The presentation is affected by the laid-back treble but offers a substantial improvement over the older Brainwavz models. The M5 isn’t very airy and can get slightly congested on busy tracks but has better layering and sounds much more enveloping than the M1 and M2. The M2 especially sounds exceedingly flat and two-dimensional next to the M5. The pricier VSonic GR06, on the other hand, despite its more forward midrange, is capable of portraying a wider and more open sonic space.



Value (9.5/10) – The Brainwavz M5 is a well-built, well-accessorized, and comfortable earphone with sound that puts it at the top of its game. Its sonic signature won’t do for those looking to maximize clarity but it is sure to please fans of warmer, smoother sound. Better still, the M5 improves in many ways on the older M1, M2, and ProAlpha models without hiking up the price – an amazing accomplishment considering how far ahead of the competition the original Brainwavz earphones were upon release just a few short years ago.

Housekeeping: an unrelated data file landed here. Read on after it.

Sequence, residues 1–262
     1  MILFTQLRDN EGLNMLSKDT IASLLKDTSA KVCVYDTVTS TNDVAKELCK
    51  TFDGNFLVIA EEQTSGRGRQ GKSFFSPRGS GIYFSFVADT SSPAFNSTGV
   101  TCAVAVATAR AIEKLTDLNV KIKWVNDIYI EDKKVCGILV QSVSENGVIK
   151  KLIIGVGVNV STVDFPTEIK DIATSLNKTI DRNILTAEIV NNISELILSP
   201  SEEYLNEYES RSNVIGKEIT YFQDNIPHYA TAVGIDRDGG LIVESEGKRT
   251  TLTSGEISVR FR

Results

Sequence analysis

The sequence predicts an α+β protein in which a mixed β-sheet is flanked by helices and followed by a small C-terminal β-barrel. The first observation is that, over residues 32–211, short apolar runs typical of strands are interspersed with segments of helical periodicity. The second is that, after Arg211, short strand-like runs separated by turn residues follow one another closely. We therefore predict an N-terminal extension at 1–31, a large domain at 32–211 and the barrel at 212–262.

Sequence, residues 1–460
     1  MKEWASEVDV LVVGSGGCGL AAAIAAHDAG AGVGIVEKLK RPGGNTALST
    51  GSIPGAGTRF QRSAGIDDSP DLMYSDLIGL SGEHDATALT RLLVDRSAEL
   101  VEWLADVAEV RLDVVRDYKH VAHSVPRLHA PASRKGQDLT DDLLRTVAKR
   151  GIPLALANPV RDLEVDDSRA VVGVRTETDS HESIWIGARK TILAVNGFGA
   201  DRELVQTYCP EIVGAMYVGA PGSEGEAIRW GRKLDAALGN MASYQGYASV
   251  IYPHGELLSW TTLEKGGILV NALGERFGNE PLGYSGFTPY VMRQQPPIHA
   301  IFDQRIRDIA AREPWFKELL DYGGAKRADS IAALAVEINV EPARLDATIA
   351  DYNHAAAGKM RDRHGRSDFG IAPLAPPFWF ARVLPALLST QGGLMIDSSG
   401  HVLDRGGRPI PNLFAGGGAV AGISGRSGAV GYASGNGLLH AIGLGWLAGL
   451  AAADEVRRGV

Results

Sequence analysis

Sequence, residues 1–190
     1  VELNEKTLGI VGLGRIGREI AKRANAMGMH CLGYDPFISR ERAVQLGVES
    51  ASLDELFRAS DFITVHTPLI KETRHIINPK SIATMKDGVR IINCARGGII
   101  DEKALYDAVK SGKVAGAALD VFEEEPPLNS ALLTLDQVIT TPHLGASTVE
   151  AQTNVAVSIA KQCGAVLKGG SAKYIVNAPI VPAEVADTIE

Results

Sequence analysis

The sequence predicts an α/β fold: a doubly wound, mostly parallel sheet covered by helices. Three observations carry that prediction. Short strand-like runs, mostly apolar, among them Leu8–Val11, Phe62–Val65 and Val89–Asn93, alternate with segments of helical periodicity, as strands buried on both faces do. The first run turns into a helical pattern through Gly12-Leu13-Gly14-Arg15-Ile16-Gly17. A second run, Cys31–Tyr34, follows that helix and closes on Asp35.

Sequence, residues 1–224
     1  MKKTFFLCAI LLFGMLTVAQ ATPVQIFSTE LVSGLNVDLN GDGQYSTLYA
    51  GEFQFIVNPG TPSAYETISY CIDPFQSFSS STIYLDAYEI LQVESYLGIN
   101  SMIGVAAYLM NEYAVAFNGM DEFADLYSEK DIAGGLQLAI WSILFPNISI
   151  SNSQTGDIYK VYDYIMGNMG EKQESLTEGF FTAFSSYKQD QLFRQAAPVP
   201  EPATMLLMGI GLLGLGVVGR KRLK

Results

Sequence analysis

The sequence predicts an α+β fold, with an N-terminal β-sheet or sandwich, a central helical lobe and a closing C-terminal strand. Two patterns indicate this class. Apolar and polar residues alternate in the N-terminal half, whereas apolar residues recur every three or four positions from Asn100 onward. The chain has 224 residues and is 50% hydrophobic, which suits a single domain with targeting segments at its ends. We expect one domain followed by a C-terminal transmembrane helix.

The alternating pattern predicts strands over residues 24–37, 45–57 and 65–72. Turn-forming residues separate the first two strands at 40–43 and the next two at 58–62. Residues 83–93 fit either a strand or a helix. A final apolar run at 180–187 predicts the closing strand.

Pros: Good build quality; deep bass and full, smooth sound

Cons: Average clarity
So, clearly, the review is accurate, but when the say "ample bass", I don't personally think +12 db.......lol. Here are my current PEQ settings in rockbox, which greatly improve midrage clarity:

Band Level Freq Q
LS -2.0 260 0.5
PK1 -9.5 50 0.5
PK2 0.5 800 0.5
PK3 -1.5 5000 0.5

Last edited by turbodawg; 13th December 2012 at 02:57 PM.
  Reply With Quote
Old 13th December 2012, 03:31 PM   #4
diyAudio Member
 
Join Date: Feb 2004
Actually, this is what I have. No EQ precut in rockbox.

Band Level Freq Q
LS -2.0 260 0.5
PK1 -9.5 50 0.5
PK3 -1.5 5000 0.5

No eq in the mid, just a cut of the bass and treble.
  Reply With Quote
Old 13th December 2012, 04:24 PM   #5
diyAudio Member
 
Join Date: May 2010
Location: Skokie Il
Build a hard wired equaliser for them. I did that for my old refurbished Bose 301s and they sounded a lot better, and I got my tone controls back. I used a lot of bass boost from 70-200 Hz or so and 12 dB/octave cut below 60 Hz with slight mid/treble rise from 3 kHz-10 kHz and they sounded better- more powerful and dynamic and slightly clearer (still muddy) "bass". They're almost a silk purse from a sow's ear .
  Reply With Quote
Old 18th December 2012, 06:59 AM   #6
orpheus is offline orpheus  United States
diyAudio Member